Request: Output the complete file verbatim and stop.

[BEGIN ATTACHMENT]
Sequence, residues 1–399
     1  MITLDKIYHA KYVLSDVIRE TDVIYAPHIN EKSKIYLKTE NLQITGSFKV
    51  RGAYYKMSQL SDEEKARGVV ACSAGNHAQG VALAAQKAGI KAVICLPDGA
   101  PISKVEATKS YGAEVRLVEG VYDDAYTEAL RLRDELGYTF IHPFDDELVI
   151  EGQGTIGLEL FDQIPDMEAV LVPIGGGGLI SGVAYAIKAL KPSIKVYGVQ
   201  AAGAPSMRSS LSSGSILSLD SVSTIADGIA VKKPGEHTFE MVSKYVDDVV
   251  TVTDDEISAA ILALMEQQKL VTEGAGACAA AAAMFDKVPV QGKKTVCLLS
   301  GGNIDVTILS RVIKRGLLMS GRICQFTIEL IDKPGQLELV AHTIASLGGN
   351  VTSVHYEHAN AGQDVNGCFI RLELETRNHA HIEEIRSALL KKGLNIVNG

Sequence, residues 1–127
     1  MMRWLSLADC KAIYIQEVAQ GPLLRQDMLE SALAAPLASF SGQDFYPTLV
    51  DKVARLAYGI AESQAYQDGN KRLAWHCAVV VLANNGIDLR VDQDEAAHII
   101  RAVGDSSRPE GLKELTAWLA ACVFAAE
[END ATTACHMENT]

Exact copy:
Sequence, residues 1–399
     1  MITLDKIYHA KYVLSDVIRE TDVIYAPHIN EKSKIYLKTE NLQITGSFKV
    51  RGAYYKMSQL SDEEKARGVV ACSAGNHAQG VALAAQKAGI KAVICLPDGA
   101  PISKVEATKS YGAEVRLVEG VYDDAYTEAL RLRDELGYTF IHPFDDELVI
   151  EGQGTIGLEL FDQIPDMEAV LVPIGGGGLI SGVAYAIKAL KPSIKVYGVQ
   201  AAGAPSMRSS LSSGSILSLD SVSTIADGIA VKKPGEHTFE MVSKYVDDVV
   251  TVTDDEISAA ILALMEQQKL VTEGAGACAA AAAMFDKVPV QGKKTVCLLS
   301  GGNIDVTILS RVIKRGLLMS GRICQFTIEL IDKPGQLELV AHTIASLGGN
   351  VTSVHYEHAN AGQDVNGCFI RLELETRNHA HIEEIRSALL KKGLNIVNG

Sequence, residues 1–127
     1  MMRWLSLADC KAIYIQEVAQ GPLLRQDMLE SALAAPLASF SGQDFYPTLV
    51  DKVARLAYGI AESQAYQDGN KRLAWHCAVV VLANNGIDLR VDQDEAAHII
   101  RAVGDSSRPE GLKELTAWLA ACVFAAE